The boat is like a zodiac–made for ocean waves, hard bottom, inflatable sides, and ropes to hang on to. Joel, our fuzzy faced captain, steers from the back of the boat, while we 14 passengers sit roller-coaster style in rows facing forward.

We putt-putt past the monstrous cruise ship, Joel guns it and we fly across the fjord in search of wakes so we can bounce and swerve and aim for the fjord’s cliffs. We slow and float and Joel talks about waterfalls and how fjords are fresh water on top and salt water below.

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More speedboat racing and swerving, then floating at this village famous for its brown cheese. “It wins awards,” says Joel.

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Speed and wind and waterfalls. No rain, and orange-tinted goggles are not necessary.

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IMG_2942Joel drops us off at Gudvagen on the Nærøfjorden where we board a van and drive back to the regular train, and back to Bergen. Great memories of the UNESCO World Heritage Area: “The Norwegian Western Fjords.”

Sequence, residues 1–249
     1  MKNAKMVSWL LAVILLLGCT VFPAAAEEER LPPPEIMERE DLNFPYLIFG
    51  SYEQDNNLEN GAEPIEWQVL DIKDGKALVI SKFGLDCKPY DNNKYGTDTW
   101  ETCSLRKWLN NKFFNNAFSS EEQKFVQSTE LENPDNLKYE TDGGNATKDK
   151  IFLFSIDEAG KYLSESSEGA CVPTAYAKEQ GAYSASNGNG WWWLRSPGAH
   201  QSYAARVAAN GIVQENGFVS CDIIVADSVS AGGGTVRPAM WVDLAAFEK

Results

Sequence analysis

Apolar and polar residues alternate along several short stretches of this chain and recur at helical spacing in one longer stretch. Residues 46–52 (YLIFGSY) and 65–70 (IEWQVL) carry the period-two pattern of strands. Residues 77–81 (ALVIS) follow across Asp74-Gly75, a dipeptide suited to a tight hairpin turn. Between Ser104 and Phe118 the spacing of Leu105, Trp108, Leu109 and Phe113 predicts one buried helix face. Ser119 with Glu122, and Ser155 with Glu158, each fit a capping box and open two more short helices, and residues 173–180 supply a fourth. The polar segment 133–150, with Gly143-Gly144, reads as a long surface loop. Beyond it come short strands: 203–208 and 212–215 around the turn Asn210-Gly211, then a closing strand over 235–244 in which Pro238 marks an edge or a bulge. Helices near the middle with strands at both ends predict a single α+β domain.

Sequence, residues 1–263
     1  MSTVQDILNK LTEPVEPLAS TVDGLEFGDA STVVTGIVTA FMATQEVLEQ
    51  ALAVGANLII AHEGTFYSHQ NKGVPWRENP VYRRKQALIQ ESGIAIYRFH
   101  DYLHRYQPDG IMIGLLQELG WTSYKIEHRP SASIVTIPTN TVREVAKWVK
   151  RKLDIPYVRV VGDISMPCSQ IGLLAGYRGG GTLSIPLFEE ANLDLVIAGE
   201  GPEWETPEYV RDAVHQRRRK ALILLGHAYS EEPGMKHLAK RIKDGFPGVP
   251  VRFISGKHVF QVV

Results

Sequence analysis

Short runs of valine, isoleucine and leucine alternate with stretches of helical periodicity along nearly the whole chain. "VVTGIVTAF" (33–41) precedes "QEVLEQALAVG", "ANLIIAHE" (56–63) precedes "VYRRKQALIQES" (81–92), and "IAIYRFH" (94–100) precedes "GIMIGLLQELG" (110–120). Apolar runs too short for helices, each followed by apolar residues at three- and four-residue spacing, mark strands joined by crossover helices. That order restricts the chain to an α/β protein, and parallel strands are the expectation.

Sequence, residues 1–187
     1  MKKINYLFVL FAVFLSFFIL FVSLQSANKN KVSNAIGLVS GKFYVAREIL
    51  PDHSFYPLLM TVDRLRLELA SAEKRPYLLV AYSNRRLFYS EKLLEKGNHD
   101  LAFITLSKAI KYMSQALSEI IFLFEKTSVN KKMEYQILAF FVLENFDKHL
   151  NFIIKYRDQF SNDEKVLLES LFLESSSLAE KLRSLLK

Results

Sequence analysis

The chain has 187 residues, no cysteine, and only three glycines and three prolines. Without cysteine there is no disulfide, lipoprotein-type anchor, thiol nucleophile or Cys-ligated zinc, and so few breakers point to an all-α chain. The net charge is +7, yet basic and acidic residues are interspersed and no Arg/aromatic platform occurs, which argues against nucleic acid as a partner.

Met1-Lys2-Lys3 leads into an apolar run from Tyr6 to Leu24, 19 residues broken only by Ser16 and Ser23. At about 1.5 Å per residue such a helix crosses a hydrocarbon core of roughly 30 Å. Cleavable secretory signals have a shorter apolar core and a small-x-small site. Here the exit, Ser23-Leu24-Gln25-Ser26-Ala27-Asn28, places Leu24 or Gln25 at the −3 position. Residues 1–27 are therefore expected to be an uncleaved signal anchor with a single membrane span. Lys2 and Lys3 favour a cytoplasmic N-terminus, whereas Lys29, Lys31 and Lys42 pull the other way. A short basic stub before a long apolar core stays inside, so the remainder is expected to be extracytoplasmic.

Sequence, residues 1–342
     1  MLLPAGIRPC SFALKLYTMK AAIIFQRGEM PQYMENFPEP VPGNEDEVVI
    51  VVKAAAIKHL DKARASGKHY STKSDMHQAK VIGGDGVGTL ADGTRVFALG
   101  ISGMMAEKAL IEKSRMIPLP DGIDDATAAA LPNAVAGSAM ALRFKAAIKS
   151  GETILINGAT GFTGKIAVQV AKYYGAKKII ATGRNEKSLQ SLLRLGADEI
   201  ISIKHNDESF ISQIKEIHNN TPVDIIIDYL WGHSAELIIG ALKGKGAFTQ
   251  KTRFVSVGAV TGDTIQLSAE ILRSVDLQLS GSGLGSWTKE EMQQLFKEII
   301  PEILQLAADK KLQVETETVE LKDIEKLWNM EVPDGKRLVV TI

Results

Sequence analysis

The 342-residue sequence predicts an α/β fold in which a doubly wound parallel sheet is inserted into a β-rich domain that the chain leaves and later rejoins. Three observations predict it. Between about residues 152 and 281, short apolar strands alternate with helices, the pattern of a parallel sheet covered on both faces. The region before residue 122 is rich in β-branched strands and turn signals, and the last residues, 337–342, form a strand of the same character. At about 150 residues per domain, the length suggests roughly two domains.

We eat dinner al fresco beneath red tents on the wharf, consuming paella and merluza (hake) cooked by Spaniards! And weak 2.5% beer, much to Mary’s dismay.

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We brave the rain on the next day, exploring a bit more of Bryggen and its archeological museum.

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Map shows the town in 1276

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Partially built frame of an old trading ship, and map showing the trading region including Ireland, England, Iceland, Greenland, Scandinavia, Russia, Europe.

Some archeological objects

To end our Norwegian experience, we visit KODE, the modern art museum. At KODE 2, the JC Dahl exhibit shows Norway in its stormy glory of seascapes and mountain storms.

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We’re lucky that our fjord adventure did not include raging seas, only clouds and beautiful waterfalls.

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Thank you Norway for amazing art, and watery outdoor adventure!

A little taste of mountain music :

© Lisa Howells and Mary Reynolds, 2018

 

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Return to Gothenburg